The average higher education student of today is no longer an 18-year old undergraduate student who receives a bachelor’s degree in four years to move into the workforce. Seventy four percent of today’s undergraduates have at least one non-traditional characteristic: They are transfers, adults with dependents, full- or part-time workers, minorities, or first-generation university attendees. And the greatest need for higher education is among vulnerable groups such as 24-year-old single mothers and 50-year-old displaced workers.
In order to better serve this rapidly evolving ecosystem, the Office of Educational Technology (OET) at the U.S. Department of Education launched on Jan. 12 a supplement to the 2016 National Educational Technology Plan (NETP): “Reimagining the Role of Technology in Higher Education.” This is the first time the NETP includes a focus on higher ed.
Three representatives from the Department of Education visited MIT on the day of the report’s publication: Ted Mitchell, under secretary of education; Joseph South, director of OET; and Sharon Leu, senior policy advisor and key author of the report. Their presentation was succeeded by a panel discussion with Sanjay Sarma, MIT’s vice president for open learning; Barbara Means, director of the Center for Technology in Learning at SRI International; and Anant Agarwal, MIT professor and CEO of edX.
With the launch of this supplement, the OET hopes to foster a collaborative university ecosystem for sharing new ideas. The focus of the report is student-centered. OET views technology as most useful for improving equity, access, and affordability. The report thus challenges educators, researchers, and policy makers working with technology to ask if it is helping students, especially those with non-traditional characteristics. It also facilitates fluid transitions for students between different colleges and into the workforce.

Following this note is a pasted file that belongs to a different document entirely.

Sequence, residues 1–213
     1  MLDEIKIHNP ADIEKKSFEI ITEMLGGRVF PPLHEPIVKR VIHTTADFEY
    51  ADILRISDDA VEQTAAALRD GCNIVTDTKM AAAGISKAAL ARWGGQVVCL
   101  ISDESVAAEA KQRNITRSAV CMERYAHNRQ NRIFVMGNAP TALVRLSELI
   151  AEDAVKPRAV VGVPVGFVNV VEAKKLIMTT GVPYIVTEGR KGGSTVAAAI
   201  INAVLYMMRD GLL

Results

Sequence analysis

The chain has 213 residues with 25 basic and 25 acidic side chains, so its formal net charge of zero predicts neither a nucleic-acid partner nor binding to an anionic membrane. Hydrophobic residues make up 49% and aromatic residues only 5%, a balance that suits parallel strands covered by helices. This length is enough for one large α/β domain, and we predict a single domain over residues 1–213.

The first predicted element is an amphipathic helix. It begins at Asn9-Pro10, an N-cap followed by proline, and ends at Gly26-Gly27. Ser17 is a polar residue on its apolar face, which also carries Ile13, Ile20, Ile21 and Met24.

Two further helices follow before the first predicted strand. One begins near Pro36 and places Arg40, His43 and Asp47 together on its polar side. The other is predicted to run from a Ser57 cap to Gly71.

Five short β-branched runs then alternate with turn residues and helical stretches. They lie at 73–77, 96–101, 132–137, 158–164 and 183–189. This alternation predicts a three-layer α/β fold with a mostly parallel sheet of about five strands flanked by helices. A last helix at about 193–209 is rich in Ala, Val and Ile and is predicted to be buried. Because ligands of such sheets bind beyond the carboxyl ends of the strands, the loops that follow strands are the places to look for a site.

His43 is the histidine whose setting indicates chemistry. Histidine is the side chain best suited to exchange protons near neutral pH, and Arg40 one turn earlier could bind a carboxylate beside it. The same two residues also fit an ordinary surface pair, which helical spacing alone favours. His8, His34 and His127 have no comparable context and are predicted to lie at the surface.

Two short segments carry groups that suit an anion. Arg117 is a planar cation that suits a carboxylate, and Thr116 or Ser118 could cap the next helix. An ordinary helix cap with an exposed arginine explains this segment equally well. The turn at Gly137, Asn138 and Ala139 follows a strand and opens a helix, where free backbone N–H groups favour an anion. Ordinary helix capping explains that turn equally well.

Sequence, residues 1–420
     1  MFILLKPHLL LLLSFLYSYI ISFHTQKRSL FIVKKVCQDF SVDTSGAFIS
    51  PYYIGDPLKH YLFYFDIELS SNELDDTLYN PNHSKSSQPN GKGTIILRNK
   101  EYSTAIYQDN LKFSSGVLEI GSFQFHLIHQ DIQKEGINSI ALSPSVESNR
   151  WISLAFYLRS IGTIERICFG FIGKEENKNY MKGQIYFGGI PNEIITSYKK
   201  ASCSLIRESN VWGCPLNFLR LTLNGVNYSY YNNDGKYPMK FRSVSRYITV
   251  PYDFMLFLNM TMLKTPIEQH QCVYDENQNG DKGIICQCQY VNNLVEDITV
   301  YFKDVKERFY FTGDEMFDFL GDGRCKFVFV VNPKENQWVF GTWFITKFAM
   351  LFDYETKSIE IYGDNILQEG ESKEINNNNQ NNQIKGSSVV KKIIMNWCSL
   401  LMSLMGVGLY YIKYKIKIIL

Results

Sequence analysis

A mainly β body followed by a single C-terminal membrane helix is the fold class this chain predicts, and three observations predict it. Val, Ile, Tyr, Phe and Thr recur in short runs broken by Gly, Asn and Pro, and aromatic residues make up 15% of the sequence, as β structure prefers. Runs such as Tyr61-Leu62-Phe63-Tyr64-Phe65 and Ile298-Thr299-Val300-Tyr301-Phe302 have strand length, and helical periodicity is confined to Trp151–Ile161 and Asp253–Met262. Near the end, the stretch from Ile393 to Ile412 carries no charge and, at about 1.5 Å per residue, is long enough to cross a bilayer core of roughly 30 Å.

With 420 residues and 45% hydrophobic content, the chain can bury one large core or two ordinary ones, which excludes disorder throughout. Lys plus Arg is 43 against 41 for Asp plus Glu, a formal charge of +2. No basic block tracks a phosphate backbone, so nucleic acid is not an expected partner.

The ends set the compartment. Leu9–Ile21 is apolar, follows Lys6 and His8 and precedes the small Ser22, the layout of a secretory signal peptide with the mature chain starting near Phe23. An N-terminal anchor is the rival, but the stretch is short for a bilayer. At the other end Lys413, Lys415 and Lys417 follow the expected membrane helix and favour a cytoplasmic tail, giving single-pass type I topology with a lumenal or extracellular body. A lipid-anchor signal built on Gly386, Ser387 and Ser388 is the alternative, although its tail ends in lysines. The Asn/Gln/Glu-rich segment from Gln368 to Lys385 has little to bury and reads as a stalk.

Crucially, the report asserts that learning does not end upon the completion of a four-year degree. In order to expand the limited view of the learning cycle, the OET presents design principles to guide students of all ages towards the right form of education considering their background and needs, as well as assist students after graduation. The report highlights several university systems that have already implemented successful practices. For example, the University of Maryland University College provides open educational resources that save undergraduate students $17 million a year by eliminating textbook costs.
“There is a misconception that innovation in universities only happens in the labs,” says Sharon Leu. “This report sheds light on the breadth and depth of innovation going on in teaching and learning in higher ed.”
Although the Higher Education Supplement to the NETP is only a few days old, the original K-12 NETP, published in 2016, has had tremendous impact on the U.S. school systems. It showed that technology could have its greatest impact when focused on equity and access. The supplement extends this idea to higher education to create a student-centered higher education ecosystem.
“This supplement will help leadership at universities take the steps necessary to meet the needs of the new higher-ed student universe,” says Sanjay Sarma, who collaborated with the OET to develop this supplement.
In order for the supplement to be successful, Mitchell encouraged the audience to believe in the power of technology and to engage legislators and policy makers in this process. And Agarwal, a member of the Technical Working Group of the report, invited the audience to embrace innovation and disruption of increasingly outmoded methods in education. “Higher education needs to remain at the cutting-edge of research and new learning technologies. The principles outlined in the NETP have captured how we can design a better future for all students, everywhere.”